Weight Loss Support - Reflections on what I have learned about weight loss being hard




diamondgeog
01-14-2014, 02:27 PM
Everyone's journey is different and unique just as well are all unique.

And my journey is far from over to where I want to be and then it will continue forever.

But things have changed a LOT for me since last May. Much more than just my weight. I have much more energy, much more strength, much better health. I can FEEL the health now.

And for me I came to some new realizations about the weight loss and 'hard' it is.

First is that there are some parts of what I did that were really hard. I used to eat a lot of carbs. Fast food/junk food virtually every day. Loved potato chips. I went cold turkey on bread, pasta, fast food, snacks (cookies, candy bars potato chips, ice cream, etc.) and potatoes for three weeks. It was necessary and a success. That was hard. Not crazy hard. There were a few days, but I had work and I just got through them.

I still struggle and am trying to get better with going out to non fast food places. I have made a lot of progress with this but I can still get better. This is my particular eating challenge. Also cutting down on meats. I am a work in progress and I am accepting that I will continue to get better at these things as I go.

I also realized being overweight was hard. MUCH harder than those few days. And it was every single day for years even decades for me. Yes there might be some hardness that will vary with people. But being overweight is really, REALLY hard.

I remember being sleepy every afternoon (and I used a CPAP, sleep apena machine for years), being hungry and cranky by 5 every single day I came home to my wife and daughter. Having to wear that dang sleep apnea machine every night. Although frankly it got comfortable to wear, you still have to clean it every day and well if anyone has or had one, not the most fun in the world.

Finding it hard to move. Not being able to do many physical activities. And then this is only in retrospect and I wouldn't even known it if I hadn't gone on this journey, just not being top mentally clear, and also in my best mood. The American junk food diet was just clouding my being to some extent. That and lack of energy and being hungry all the time are hard.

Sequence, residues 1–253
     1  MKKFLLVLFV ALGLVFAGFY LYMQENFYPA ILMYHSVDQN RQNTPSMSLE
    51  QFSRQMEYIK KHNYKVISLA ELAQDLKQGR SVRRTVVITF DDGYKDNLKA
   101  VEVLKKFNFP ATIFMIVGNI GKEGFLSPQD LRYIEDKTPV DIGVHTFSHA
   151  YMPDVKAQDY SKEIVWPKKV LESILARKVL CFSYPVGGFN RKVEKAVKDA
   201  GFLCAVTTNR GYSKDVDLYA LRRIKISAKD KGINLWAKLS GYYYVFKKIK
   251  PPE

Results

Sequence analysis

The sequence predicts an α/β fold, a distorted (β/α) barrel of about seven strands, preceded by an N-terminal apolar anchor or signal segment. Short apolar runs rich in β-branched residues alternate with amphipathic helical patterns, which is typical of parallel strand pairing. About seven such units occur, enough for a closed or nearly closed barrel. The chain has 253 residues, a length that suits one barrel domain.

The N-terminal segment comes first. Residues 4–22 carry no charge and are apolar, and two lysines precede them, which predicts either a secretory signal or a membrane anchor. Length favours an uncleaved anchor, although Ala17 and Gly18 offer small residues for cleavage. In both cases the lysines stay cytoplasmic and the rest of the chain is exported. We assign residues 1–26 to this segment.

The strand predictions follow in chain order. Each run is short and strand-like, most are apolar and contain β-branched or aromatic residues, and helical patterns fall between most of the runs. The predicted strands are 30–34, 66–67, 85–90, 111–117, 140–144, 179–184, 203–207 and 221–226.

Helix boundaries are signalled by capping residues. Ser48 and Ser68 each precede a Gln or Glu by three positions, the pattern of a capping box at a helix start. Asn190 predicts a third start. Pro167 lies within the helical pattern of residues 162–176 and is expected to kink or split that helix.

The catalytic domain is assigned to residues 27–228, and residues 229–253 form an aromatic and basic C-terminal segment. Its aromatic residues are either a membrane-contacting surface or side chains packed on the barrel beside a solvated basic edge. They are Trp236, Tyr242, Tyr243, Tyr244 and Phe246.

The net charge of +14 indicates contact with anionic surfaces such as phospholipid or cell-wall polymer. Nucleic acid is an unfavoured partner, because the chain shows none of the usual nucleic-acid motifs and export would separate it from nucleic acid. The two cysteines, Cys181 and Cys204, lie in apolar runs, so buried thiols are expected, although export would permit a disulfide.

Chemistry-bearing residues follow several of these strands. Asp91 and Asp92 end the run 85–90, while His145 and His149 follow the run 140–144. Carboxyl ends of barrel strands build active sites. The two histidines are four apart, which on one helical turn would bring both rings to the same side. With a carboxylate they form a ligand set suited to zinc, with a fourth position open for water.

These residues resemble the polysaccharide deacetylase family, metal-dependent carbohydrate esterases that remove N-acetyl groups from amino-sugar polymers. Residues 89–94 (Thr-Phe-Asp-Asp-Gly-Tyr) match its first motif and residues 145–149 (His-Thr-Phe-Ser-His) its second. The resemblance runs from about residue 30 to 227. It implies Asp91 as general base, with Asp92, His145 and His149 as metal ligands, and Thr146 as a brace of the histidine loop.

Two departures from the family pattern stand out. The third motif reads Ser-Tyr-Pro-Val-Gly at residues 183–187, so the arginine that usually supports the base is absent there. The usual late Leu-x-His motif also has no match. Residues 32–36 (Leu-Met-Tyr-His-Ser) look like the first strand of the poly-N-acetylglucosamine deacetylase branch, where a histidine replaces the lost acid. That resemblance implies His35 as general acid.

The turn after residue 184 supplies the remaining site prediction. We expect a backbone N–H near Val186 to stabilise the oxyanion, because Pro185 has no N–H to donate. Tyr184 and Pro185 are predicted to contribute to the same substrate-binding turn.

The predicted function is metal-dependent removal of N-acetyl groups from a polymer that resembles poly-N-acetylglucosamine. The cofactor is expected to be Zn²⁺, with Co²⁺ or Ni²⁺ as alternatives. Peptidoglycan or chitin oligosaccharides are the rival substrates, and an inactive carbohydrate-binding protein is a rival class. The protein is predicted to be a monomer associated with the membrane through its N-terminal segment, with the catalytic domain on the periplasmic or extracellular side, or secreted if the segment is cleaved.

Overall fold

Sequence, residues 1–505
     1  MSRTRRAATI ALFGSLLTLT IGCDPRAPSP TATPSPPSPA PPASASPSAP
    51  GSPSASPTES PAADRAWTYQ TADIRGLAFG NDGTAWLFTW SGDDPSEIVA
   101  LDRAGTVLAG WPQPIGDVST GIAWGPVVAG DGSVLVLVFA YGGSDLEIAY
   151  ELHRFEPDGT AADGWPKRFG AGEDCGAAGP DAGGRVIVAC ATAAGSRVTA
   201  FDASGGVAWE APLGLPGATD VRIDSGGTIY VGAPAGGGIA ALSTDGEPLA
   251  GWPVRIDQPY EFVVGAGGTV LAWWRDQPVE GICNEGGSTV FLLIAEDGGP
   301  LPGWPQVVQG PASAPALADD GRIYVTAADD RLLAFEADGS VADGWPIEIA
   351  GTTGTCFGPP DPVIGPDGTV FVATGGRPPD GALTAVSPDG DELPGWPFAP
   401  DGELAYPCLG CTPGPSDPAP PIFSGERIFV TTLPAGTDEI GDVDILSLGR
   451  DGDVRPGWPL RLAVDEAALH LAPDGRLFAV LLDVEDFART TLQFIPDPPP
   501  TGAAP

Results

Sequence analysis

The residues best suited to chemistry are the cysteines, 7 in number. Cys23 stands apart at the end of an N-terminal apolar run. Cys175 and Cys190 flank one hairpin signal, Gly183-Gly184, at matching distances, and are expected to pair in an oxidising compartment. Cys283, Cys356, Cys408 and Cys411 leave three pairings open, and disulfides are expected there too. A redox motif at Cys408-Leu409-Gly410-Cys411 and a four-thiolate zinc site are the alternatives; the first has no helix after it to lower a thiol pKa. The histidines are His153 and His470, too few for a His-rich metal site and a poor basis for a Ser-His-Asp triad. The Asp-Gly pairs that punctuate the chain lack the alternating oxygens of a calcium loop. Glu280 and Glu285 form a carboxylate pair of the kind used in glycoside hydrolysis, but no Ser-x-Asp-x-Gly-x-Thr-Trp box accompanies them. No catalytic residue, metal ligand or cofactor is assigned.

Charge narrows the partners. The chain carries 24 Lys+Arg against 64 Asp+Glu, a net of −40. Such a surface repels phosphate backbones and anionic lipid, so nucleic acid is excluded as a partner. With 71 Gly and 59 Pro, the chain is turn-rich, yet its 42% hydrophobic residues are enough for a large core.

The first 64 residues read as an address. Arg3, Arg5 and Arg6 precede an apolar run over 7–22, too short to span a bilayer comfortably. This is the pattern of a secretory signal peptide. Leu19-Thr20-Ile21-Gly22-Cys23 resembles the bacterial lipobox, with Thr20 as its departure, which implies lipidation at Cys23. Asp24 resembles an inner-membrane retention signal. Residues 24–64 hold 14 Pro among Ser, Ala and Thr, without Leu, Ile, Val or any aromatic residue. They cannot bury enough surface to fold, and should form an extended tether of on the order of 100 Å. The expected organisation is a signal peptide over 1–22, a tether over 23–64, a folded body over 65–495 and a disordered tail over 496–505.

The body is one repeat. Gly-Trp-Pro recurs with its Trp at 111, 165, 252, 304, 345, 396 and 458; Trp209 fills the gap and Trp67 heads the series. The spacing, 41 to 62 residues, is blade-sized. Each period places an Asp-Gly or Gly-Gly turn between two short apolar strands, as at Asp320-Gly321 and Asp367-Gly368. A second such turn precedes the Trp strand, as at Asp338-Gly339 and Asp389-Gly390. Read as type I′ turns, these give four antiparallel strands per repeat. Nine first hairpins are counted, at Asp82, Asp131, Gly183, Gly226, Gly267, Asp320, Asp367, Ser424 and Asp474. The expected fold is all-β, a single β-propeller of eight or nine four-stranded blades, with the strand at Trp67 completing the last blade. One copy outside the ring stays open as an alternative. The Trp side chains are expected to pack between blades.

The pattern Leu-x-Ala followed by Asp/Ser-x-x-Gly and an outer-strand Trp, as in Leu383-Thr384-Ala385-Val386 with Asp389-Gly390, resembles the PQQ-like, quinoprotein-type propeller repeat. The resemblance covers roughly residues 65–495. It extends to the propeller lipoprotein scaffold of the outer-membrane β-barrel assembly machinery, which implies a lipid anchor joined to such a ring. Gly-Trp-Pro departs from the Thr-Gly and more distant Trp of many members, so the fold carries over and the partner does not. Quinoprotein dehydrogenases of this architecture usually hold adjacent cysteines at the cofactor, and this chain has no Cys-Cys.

So what did I find personally that happened? Well after that transition period things go much easier. My appetite went down. So things go easier. I am surprised more people don't emphasize this. My new NOT going to fast food just became what I was used to. I used to go out of habit, now not going was the habit.

I don't calorie count. It isn't for me. But I just started having more and more whole foods. More and more healthy foods and it became my new normal.

Actually the hardest thing was becoming a runner for the first time in my life. I started at around 265 in the middle of a Texas summer. But I stuck with it, repeating weeks of a C25K program. I just finished a 26 minute run whereas before I couldn't even do 30 seconds. Now I crave running....almost :)

So my two main realizations are this. Yes this isn't the easiest thing. But being overweight is really hard. It isn't like hey look I get to eat whatever I want and...no consequences. This is EASY eating whatever I want. No it isn't. It might be easy in the short fleeting moments of biting into something. But the other 23 hours of the day it gums those up pretty badly. It definitely gums up your health but also your quality of life, even from minute to minute. It is just easier to be now. Sitting at a computer, walking, running, pretty much anything.

Second is that if it doesn't get easier that is probably feedback that you might want to change things up. Perhaps you haven't ever gotten truly over your trigger foods. Perhaps you are eating too little. Perhaps you don't know it but you are having too much salt. Perhaps you are using too many condiments and don't realize it. Perhaps you haven't found the right healthy foods that you really like and are good for you and filing. Perhaps you are not doing the right exercise to support your weight loss goals and changes in diet.


Mazzy
01-14-2014, 02:52 PM